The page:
The prevalence of childhood obesity is reaching unhealthy levels. According to the Center for Disease Control (CDC), nationally, 18.5% of adolescents (persons considered age 2-19) fall in the category of being obese. This number has more than tripled since the 1970s. Research shows the prevalence of obesity decreases the more educated parents and children are about what can be done to prevent obesity.
What is Obesity?
Obesity is more than just a number on a scale. The body mass index (BMI) chart determines when a person is considered obese or at risk of becoming obese. Plainly stated, the BMI measures the body size. It takes into consideration your weight and height to produce a number that is measured against a chart. The chart indicates whether your weight is an ideal healthy weight or indicates whether you fall under or over the ideal. Obesity occurs when the BMI is at or above the 95th percentile of the CDC’s sex-specific age growth charts.
What Causes Obesity?
U.S. News reports obesity is a “multifactorial” disease. Some people are prone to weight gain through their genetics. Harvard pediatrics professor Cody Sanford said, “What we do know is weight is more heritable than height. The likelihood that parents with obesity will have a child who is lean is very low. That’s important for us to recognize. We don’t think about heritability when we think about treatment.”
Resulting from genetic makeup is metabolism. Metabolism is responsible for converting food and oxygen to energy. Some people have fast metabolisms while other people’s bodies struggle to keep up with the caloric intake. While genetics and metabolism may be tough to change, there are several other factors contributing to obesity that can be controlled.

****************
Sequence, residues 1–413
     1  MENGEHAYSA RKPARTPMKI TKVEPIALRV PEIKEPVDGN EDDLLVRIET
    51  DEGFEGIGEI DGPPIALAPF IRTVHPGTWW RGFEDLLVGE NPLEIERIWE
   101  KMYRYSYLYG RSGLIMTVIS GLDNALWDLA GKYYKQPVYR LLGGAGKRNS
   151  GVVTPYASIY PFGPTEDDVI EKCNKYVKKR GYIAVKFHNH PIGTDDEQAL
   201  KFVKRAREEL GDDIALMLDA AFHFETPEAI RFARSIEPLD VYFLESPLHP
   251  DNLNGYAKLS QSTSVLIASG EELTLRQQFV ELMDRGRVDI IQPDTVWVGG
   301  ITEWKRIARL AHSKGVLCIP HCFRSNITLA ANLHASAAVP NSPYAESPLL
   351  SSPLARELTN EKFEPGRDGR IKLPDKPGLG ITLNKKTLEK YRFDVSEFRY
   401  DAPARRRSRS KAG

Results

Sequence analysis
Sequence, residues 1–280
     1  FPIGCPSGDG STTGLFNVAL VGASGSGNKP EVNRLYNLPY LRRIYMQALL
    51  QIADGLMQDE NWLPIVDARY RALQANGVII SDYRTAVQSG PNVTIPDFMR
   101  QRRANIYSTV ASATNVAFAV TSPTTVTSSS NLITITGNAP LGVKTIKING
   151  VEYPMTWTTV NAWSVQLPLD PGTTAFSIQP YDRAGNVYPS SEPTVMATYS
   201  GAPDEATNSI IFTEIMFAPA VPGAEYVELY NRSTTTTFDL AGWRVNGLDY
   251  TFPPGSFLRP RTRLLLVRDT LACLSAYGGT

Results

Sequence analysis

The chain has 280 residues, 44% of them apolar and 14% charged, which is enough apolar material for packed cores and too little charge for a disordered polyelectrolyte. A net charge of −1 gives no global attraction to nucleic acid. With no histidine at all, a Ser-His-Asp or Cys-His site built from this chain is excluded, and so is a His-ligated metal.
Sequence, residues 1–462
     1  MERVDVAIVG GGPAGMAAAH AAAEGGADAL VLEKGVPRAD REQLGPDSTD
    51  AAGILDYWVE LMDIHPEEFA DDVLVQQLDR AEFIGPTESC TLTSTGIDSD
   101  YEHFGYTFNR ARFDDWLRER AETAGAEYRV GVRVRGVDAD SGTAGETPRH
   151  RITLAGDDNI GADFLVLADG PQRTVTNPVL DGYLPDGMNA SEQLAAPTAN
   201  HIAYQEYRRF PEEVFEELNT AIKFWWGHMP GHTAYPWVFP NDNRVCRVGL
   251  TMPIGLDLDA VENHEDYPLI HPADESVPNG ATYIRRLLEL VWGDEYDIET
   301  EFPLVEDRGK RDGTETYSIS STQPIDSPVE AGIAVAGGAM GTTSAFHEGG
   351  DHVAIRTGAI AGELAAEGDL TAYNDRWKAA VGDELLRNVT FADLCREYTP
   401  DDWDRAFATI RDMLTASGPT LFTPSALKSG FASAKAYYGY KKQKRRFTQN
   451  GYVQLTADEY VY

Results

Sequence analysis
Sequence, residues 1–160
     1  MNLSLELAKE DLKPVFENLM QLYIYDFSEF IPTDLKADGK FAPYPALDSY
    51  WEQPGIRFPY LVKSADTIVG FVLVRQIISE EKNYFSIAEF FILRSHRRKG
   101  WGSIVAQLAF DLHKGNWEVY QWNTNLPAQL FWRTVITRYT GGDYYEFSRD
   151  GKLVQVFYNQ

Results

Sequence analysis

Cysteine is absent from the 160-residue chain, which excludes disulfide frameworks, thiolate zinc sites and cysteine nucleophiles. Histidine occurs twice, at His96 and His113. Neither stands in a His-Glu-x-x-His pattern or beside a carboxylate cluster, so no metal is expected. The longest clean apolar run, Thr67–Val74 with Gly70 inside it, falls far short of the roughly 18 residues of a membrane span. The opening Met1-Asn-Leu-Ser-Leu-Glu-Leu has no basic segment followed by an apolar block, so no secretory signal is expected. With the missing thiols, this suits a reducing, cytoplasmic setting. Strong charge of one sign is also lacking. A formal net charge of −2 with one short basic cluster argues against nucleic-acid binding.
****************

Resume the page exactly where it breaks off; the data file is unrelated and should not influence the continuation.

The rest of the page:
Eating and physical activity are huge influences in weight gain. These are direct. What you eat puts on weight and physical activity helps take it off. Little sleep, unsafe communities or neighborhoods, or negatively experienced events can all contribute to obesity. The common denominator is that each of those causes stress and stress typically raises our desire to eat while simultaneously slowing down our metabolism.
What Can You Do To Reduce Childhood Obesity?
As a parent, you should monitor your child regularly and consult with a doctor if you feel your child may be at risk. To help avoid obesity, follow these tips below and start improving your child’s health.
- Diet: At some point in school, your child will learn about the food pyramid and its lessons in eating a balanced diet. As a parent, this should already be on your mind and you should be thinking of feeding your child foods that have adequate nutrition and an appropriate amount of calories. Three ways to curb obesity is to establish healthy eating habits early, modify favorite dishes so they are healthier, and reduce as many calorie-rich snacks and temptations as you can. Most of these suggestions can be accomplished by becoming more aware of what each type of food offers. Swap out salty and sweet snacks for carrot sticks or bananas. If your main dish is macaroni and cheese, add a side of vegetables to make it more balanced. Small changes will go a long way in establishing healthy eating habits. This will help kids feel more energized.